Though I intend to mainly discuss the DVD here, I think I should offer some comments on the albums. As I mentioned, Harrison produced some very uneven solo work, and the five studio releases clearly demonstrate that. The package starts with arguably the best of the bunch, 33 & 1/3. The title was meant to be something of a pun; not only did it reflect the playing speed of an LP, but also George intended to release it on June 25, 1976, his 33 and 1/3rd birthday. (It didn’t actually hit shelves until November, around George’s 33 & 3/4th birthday.)
33 & 1/3 definitely seems too uneven to merit status as a classic, with some moderately weak numbers like “Pure Smokey”. However, the overall level of material seems good, and it includes more than a few really strong tune. “Crackerbox Palace” remains a sentimental fave, as it was the first Harrisong I ever liked; I still have the 45 around here somewhere, and the song continues to be quirkily charming. Better still, “This Song” presents the catchiest ode to legal difficulties ever put on vinyl; connected to the lawsuit George endured over his alleged plagiarism of “He’s So Fine”, “This Song” bounces along in a perversely merry tenor and absolutely delights. These moments help make 33 & 1/3 a solid album.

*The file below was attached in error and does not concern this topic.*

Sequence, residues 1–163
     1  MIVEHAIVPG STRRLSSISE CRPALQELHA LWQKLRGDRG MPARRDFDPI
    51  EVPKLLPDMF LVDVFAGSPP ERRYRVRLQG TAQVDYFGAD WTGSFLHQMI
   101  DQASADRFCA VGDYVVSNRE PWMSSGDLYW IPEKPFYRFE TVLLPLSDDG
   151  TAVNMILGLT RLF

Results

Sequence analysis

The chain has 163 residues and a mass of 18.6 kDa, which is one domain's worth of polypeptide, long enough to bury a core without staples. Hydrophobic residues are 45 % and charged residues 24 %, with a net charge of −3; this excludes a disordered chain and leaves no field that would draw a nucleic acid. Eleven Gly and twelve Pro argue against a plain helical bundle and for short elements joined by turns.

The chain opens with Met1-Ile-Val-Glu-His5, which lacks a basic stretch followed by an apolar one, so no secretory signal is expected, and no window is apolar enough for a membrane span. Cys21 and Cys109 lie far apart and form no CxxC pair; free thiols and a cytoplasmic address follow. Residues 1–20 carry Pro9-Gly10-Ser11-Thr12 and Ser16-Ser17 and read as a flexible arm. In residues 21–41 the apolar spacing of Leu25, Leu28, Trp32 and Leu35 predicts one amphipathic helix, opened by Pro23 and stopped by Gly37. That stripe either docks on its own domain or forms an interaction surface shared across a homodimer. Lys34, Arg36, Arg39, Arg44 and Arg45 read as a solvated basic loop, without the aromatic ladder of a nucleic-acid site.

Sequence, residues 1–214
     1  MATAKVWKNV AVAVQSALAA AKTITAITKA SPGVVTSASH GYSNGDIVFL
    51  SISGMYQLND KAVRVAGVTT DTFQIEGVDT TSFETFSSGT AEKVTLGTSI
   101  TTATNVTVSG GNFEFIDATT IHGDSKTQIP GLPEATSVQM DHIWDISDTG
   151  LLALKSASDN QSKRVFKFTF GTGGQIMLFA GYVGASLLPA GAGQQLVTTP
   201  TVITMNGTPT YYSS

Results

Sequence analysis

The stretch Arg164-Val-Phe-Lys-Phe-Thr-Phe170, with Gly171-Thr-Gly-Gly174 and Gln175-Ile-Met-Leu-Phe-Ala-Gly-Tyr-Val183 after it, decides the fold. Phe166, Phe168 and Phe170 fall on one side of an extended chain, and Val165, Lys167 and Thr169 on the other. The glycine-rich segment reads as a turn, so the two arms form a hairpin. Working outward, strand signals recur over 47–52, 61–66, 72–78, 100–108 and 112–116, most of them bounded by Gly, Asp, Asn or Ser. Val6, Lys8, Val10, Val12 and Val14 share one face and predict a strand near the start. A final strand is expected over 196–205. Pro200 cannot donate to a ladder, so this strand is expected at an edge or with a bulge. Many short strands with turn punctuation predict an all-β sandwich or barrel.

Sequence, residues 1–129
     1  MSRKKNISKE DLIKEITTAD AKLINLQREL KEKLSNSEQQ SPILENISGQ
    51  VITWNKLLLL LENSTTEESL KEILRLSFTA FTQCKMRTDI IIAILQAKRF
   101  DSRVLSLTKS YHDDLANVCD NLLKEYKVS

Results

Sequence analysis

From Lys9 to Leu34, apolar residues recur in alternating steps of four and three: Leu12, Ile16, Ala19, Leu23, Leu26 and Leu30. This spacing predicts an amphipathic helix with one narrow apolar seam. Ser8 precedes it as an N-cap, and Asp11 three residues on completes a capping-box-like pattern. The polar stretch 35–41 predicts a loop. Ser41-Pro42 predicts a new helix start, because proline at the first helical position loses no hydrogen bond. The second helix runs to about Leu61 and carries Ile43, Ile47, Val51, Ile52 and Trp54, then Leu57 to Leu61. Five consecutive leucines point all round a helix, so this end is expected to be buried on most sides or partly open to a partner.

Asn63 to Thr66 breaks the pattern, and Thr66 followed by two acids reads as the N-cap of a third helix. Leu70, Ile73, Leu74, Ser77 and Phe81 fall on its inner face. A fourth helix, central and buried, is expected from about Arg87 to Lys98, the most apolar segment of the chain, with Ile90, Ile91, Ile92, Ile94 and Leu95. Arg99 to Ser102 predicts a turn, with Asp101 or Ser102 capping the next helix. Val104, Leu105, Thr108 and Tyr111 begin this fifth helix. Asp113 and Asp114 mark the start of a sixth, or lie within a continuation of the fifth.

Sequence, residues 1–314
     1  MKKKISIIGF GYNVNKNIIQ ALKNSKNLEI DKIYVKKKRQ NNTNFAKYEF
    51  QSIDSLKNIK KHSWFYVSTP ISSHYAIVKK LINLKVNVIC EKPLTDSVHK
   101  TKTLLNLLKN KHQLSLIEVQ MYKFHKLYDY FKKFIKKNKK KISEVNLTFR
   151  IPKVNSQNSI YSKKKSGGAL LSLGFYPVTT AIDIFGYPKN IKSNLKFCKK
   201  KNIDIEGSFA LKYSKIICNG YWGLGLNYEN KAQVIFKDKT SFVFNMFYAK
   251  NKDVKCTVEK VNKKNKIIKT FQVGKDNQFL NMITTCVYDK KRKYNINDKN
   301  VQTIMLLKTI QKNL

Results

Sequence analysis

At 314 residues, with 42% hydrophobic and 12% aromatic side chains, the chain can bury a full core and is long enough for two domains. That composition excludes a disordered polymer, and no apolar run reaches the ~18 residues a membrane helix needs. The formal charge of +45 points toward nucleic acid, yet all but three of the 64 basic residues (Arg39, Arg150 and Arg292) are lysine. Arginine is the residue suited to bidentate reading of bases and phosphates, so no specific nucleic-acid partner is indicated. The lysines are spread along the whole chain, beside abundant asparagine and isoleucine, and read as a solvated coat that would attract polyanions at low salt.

With George Harrison, we get exactly half of a very good release. Except for the limp “Soft-Hearted Hana”, all five of the tunes that originally filled the LP’s Side One provide quality material. Starting with the toothless “Faster”, though, the old Side Two works substantially less well. Only “If You Believe” stands out as a decent tune; the other tracks come across as throwaways. The five good numbers succeed well enough to make the album generally winning, but it seems awfully inconsistent.